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New U.S. Tax Law Could Curb Charitable Donations

Dec. 31 is the deadline for donations to count against this year's taxes.

By Beth Pinsker

NEW YORK, Nov 30 (Reuters) - New tax laws could strip away one of the key motivators of year-end giving in the United States—the right to take a tax deduction for the amount you give to qualified charities if you itemize your taxes.

"Most people give because it’s the right thing to do. But it’s that year-end deadline that motivates them to get over the hump," said Mitchell Kraus, a financial planner based in Santa Monica, California, of the Dec. 31 cutoff for donations to count against that year's taxes.

Neither tax plan wending through Congress does away with the charity deduction altogether, but the bills will probably greatly reduce the number of people who itemize. The two bills raise the standard deduction to $12,000 per individual, or $24,000 per couple.

Wealthy individuals who give tens of thousands of dollars a year may not be impacted, because it will still make sense for them to itemize. But smaller donors who give hundreds or thousands could drop away. As of now, however, Schwab Charitable, which is one of the largest custodians of charitable accounts, has only seen a boom in giving.

Estate Tax Matters

Charitable deductions could also be impacted by changes in the tax proposals to the estate tax. Both plans on the table now change the cap on assets which would be free from the tax, which is currently at $5.49 million per individual or $11 million per couple. The Senate plan doubles it, while the House plan eliminates it altogether. At over $20 million, under the Senate plan, not many people would need to think about giving away parts of an estate to avoid a big tax bill after death.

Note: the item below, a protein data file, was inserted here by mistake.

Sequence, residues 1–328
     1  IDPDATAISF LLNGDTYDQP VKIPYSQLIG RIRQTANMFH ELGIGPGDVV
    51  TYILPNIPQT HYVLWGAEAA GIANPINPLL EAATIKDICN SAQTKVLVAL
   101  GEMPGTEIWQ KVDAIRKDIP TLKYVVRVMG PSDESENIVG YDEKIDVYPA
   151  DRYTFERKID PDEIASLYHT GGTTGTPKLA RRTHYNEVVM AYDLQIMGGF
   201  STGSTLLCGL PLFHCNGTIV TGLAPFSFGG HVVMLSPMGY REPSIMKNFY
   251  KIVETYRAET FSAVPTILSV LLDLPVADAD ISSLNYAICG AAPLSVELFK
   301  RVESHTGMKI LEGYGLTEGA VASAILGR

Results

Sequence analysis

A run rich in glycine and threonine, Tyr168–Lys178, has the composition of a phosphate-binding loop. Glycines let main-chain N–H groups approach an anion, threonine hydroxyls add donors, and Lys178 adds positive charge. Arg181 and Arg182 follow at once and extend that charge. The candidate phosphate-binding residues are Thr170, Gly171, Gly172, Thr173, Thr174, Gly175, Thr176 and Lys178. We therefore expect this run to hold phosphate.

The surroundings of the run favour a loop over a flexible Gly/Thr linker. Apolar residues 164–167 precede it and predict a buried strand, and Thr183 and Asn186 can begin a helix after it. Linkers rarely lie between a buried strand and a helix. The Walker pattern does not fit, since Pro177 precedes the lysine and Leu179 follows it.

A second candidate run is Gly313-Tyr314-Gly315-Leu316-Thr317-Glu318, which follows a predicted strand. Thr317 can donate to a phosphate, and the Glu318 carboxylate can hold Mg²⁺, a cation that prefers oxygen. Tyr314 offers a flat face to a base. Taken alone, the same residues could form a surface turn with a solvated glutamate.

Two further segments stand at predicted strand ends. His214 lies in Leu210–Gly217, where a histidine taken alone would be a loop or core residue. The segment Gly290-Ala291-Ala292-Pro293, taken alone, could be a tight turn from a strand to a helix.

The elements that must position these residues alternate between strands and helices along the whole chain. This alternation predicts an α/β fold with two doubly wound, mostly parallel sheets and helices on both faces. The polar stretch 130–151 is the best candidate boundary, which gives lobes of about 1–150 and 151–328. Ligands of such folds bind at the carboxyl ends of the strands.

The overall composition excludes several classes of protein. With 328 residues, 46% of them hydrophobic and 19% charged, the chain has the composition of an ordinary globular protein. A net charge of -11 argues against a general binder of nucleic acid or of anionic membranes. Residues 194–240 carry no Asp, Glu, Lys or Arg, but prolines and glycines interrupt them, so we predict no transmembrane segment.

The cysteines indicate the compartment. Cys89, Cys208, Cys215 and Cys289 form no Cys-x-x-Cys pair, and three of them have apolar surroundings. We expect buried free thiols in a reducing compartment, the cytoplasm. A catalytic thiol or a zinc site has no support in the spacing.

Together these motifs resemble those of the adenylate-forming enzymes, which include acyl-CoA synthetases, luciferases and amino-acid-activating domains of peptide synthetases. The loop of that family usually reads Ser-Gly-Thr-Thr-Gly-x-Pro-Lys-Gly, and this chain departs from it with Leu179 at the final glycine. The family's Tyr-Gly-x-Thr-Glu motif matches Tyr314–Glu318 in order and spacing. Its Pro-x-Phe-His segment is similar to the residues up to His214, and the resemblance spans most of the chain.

Kraus is holding conversations with clients who might be impacted. When he first started in the financial advisory business, the estate tax kicked in at $600,000 and necessitated a lot of planning with trusts and giving away assets.

Currently, Kraus still works with clients to shed assets that would push them over the limit later. For instance, one client set up a trust to donate his multi-million boat to his alma mater. He gets to use the boat during his lifetime, but it is set to pass over without tax implications to the University of Southern California when he dies, so his survivors do not have to deal with a complicated transfer of assets or taxes.

Going Around Tax Implications

Despite changes that may come, there will still be some ways to get tax deductions for giving. Those over 70 who are taking required minimum distributions from IRAs, can give directly to charity and reduce their taxable income, Kraus says, if they fill out the correct forms.

Another avenue available to those of any age is to donate appreciated stock—something many investors have in these hot market conditions—rather than just writing out a check.

Financial adviser Leon LaBrecque, who is based in Troy, Michigan, just had a client donate $20,000 worth of Facebook Inc stock he had bought for $10,000 into a special account called a donor advised fund. By giving it to charity, the client saved about $8,000 between the value of the charitable deduction and not paying 20 percent in capital gains.

Kelly Pedersen, a financial planner in Bloomington, Minnesota, thinks that donor advised funds—which allow a person to give now and take a deduction, then give the funds away at a later time—will jump if the tax bills go through. "There will be incentive to give as it will be one of the few remaining itemized deductions left to the individual," she says.

If people do not have enough to give one year, they may give once every several years.

Kim Laughton, president of Schwab Charitable, says in the fiscal quarter from July to the end of October, new accounts were up 50 percent and contributions and grants were both up over 30 percent.

Fidelity Charitable has also seen growth. Grants through Thanksgiving 2017 are already running ahead of last year at $3.6 billion, over $3.5 billion for all of 2016, according to Lisa Dalberth, chief administrative officer at Fidelity Charitable.

For those making last-minute decisions about giving in 2017, beware of the calendar. Dec 31 is a Sunday, notes Eileen Heisman, CEO of the National Philanthropic Trust, which is one of the top 25 donor advised funds. To have your donation count, it needs to be processed on a day the stock market it open, or post marked by Dec. 30 by the U.S. postal service. (Editing by Lauren Young and Andrew Hay)

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